7. It is not only the sanskrit schools, but also a whole lot of schools in tribal areas of 36 garh and elsewhere, in which the tribals are being Hinduised, through the schools run by the RSS, vidya bharti or is it sanskar bbharti or similar sounding organisations such as sarswati vidya mandirs.

    It needs to be remembered that the “venerable” congress leader ‘Pandit Ravi Shankar Shukla’ had invited the RSS to Madhya Pradesh to proselytise among the tribals.

    One must also remember that the foundations of much of the Hindutva discourse were laid by the ‘nationalist’ congress in the immediate pre and post independence India


  8. Excellent article, Sohail.

    Yoginder Sikand has an excellent blog dealing with various issues related to Madrasa Reforms here –>

    Apart from the points you mention, Yoginder has eloquently put this in his article,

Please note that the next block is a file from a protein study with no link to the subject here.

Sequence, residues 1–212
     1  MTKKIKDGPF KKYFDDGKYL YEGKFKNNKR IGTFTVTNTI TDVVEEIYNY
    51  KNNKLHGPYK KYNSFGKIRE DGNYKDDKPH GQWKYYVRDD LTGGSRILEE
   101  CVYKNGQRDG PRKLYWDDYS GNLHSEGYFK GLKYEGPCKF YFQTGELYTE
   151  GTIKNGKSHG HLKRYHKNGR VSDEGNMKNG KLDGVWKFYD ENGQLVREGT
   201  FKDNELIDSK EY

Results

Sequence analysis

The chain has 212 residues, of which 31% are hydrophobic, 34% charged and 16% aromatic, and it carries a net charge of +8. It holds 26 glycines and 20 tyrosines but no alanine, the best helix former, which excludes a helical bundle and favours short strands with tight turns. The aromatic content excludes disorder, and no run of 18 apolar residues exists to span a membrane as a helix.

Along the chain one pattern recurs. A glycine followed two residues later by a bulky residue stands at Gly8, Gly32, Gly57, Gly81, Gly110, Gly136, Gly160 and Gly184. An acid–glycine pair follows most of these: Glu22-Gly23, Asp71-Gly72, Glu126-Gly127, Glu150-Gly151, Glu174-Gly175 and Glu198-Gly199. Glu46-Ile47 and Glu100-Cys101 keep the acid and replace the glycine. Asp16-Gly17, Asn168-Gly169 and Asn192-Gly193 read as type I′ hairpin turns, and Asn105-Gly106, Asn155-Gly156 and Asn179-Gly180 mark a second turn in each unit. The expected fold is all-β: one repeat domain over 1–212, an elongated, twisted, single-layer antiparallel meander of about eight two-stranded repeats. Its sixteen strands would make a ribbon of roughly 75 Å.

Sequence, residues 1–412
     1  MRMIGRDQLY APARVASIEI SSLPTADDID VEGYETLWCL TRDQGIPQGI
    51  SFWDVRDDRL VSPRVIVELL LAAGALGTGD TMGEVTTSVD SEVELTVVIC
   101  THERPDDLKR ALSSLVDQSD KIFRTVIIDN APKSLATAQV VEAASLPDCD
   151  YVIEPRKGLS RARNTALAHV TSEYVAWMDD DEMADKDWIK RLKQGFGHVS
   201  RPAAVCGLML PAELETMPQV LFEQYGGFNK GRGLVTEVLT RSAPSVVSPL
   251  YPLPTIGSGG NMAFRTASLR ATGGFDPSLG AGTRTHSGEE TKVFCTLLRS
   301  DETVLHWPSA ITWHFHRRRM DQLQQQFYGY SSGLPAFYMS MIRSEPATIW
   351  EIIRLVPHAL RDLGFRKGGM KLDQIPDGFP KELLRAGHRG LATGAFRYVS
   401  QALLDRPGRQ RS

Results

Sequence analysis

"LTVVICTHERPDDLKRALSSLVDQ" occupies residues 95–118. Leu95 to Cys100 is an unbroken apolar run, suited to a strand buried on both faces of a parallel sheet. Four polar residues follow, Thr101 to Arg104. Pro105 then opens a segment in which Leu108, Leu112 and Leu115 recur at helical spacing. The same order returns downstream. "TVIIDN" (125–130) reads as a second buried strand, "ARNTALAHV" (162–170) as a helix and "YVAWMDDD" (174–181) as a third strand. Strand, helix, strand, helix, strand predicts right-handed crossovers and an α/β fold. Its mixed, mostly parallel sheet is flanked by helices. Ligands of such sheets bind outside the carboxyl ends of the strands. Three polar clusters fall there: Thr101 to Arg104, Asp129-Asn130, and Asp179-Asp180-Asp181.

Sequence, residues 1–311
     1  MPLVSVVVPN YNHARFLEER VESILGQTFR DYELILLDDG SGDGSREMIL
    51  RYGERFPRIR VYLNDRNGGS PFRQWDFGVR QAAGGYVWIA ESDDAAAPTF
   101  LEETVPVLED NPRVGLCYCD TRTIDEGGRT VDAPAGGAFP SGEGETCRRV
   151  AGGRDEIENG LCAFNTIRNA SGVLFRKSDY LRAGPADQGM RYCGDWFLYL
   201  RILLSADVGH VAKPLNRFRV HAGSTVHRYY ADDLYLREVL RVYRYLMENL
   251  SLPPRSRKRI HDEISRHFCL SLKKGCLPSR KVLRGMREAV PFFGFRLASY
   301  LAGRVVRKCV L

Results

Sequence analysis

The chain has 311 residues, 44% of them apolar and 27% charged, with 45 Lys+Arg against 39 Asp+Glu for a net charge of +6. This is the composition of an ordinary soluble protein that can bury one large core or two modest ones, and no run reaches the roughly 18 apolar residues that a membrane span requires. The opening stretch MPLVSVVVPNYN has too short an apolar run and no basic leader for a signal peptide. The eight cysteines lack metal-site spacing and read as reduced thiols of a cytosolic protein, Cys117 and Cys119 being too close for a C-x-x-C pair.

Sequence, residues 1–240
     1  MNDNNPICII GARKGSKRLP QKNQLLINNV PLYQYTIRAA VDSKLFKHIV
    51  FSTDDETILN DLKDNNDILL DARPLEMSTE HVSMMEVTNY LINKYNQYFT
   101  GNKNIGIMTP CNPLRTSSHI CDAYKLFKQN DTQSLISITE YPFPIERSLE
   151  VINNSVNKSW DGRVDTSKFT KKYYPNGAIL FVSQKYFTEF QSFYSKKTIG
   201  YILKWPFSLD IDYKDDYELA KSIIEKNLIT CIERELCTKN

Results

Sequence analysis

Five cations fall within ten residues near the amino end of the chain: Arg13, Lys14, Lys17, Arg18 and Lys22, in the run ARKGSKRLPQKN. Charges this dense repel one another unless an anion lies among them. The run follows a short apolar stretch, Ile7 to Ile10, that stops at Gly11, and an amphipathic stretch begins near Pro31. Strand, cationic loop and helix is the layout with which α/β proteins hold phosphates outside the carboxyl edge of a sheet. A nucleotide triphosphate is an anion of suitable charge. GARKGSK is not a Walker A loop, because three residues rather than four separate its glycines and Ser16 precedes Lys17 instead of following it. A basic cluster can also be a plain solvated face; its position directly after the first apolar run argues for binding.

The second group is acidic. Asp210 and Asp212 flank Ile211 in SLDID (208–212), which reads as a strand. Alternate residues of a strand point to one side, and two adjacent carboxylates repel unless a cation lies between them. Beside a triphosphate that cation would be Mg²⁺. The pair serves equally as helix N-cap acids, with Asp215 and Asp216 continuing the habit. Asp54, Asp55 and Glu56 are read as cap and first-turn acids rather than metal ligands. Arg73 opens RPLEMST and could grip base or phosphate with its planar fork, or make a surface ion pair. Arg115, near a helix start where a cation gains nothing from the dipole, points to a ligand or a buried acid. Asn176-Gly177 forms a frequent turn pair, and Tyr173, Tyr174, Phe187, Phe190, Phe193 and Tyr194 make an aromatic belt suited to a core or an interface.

“There is yet another reason why the inordinate interest of the state in madrasa education and its ‘reform’ needs to be critiqued. As many ulema, managers of the madrasas, see it, the intentions of the state in seeking to ‘reform’ the madrasas are not beyond suspicion. They see this talk of ‘reform’ as motivated by what they regard as an ulterior motive of interfering in and controlling the madrasas, and, consequently, undermining their autonomy and their Islamic ethos and identity. They point out that talk of madrasa ‘reforms’ gathered particular momentum during the rule of the BJP at the Centre, when, following the release of a report on national security, demands began made for the state to intervene in the madrasas in order to combat ‘terrorism’, based on the misleading contention that Indian madrasas are ‘hotbeds’ of ‘terror’. They look at how the demands for madrasa ‘reform’ by various governments, such as that of the United States, as well as it client regimes, such as Pakistan, are linked to their quest to control and quash opposition movements. They see these demands as hypocritical, since it was precisely these governments that funded and promoted radicalism in certain Pakistani madrasas in the wake of the Russian invasion of Afghanistan. They thus argue that the state is not sincere in its protestations of being concerned about ‘reforming’ the madrasas. If the state is serious about countering ‘terrorism’, they ask, why is it not seeking to similarly ‘reform’ the vast chain of schools run by right-wing Hindutva forces throughout the country, which, unlike the Indian madrasas, openly preach hatred against other communities, particularly Muslims and Christians?”